Ireland was still suffering from a lack of understanding at a senior level in TE about the nature of data. Their engineers were excellent, but many managers were still a little vague about non-voice communications. I remember taking a call wanting to know how many voice calls we were trying to multiplex over our 9600-baud connection. I gave up trying to explain that there was no voice, it was for data.
When we started the first web server at UCC, it wasn’t long before other departments and individuals saw what we were doing and asked if they could have space for their own pages. We agreed, and allowed them to write their own pages, without initially considering the effect this would have on support – and especially on the demand for learning how to write HTML, compose web pages and manage a site. To start with, the requests tended to come from disciplines with a strong computing background; later on they could come from any department or from students wanting pages for clubs and societies.
In the mid-to-late 1990s a much-needed increase in IT staff numbers allowed me to spend more time developing research computing services. I was also able to take part in the development of XML via the W3C Special Interest Group, and to write a book on the software and services which supported SGML and XML . The widening scope of IT at all levels as we entered the 2000s meant that greater formalism was needed in service administration and management, leaving far less scope for experimentation and development.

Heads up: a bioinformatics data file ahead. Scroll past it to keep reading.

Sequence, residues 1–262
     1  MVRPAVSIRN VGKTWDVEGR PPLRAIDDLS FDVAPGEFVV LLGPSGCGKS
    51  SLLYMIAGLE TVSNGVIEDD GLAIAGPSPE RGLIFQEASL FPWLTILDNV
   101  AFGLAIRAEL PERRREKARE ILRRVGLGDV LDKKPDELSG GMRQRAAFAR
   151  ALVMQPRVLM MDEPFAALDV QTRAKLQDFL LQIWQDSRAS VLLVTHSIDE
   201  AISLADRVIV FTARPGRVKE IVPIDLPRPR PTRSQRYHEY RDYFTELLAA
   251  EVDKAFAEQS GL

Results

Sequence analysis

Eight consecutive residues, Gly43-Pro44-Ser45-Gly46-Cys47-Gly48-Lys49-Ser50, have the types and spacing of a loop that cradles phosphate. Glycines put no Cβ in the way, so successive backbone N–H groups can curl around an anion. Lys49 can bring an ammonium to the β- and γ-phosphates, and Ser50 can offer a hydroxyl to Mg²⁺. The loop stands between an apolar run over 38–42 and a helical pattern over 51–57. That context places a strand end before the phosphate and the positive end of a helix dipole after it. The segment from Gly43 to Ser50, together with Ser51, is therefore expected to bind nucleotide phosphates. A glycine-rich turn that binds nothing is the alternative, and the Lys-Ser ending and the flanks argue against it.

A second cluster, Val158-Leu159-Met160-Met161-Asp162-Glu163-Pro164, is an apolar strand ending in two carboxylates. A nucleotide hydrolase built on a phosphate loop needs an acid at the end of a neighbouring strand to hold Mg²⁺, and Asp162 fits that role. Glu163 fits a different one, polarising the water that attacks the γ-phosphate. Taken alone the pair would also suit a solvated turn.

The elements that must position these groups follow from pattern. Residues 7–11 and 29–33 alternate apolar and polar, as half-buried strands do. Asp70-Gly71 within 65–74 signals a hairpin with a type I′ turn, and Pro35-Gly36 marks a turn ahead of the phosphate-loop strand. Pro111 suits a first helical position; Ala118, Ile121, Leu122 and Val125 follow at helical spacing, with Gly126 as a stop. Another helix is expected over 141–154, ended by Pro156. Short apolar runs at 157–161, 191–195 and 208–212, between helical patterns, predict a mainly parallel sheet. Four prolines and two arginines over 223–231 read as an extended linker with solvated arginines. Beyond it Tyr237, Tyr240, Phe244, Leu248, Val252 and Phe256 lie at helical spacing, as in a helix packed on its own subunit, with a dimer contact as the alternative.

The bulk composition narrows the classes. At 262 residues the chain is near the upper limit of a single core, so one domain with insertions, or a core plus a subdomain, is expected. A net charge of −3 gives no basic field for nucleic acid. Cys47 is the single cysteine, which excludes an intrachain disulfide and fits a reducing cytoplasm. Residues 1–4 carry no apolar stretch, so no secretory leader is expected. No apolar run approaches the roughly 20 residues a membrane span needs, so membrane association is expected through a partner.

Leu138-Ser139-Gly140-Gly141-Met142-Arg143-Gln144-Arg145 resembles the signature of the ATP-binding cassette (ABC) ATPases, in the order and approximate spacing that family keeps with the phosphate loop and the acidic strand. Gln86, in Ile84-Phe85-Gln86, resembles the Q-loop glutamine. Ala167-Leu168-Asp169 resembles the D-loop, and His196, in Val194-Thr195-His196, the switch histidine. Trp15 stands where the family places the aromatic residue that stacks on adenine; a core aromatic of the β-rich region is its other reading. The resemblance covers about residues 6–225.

Two areas of significant longevity in UCC have been the CELT project and the Law Department’s Irish Law Site (http://www.ucc.ie/law/irishlaw/). Both are minimally-formatted and largely text-based. Both appear to break all the rules for web design, but each accounts for 5% of the total hits to the main UCC web site. Suggestions for redesign have met with requests to leave well alone, as they have highly specialised user populations who value stable URIs, stable appearance, and an absence of irrelevant surrounding material.
While the web is now a platform capable of supporting virtually the entire set of computing requirements, the underlying technologies of HTTP and HTML have remained generally unchanged, and it’s been evident that Tim made the right picks.
Last edit: June 2017
Peter Flynn 2017. This work is licensed under a Creative Commons Attribution-NonCommercial 4.0 International License.
1. Flynn, Peter (1995) The World Wide Web Handbook, International Thompson Computer Press, New York, NY. ISBN 1-85032-205-8, 350pp.
2. Flynn, Peter (1998) Understanding SGML and XML Tools, Kluwer, Boston, MA. ISBN 0-7923-8169-6, 432pp and CD-ROM.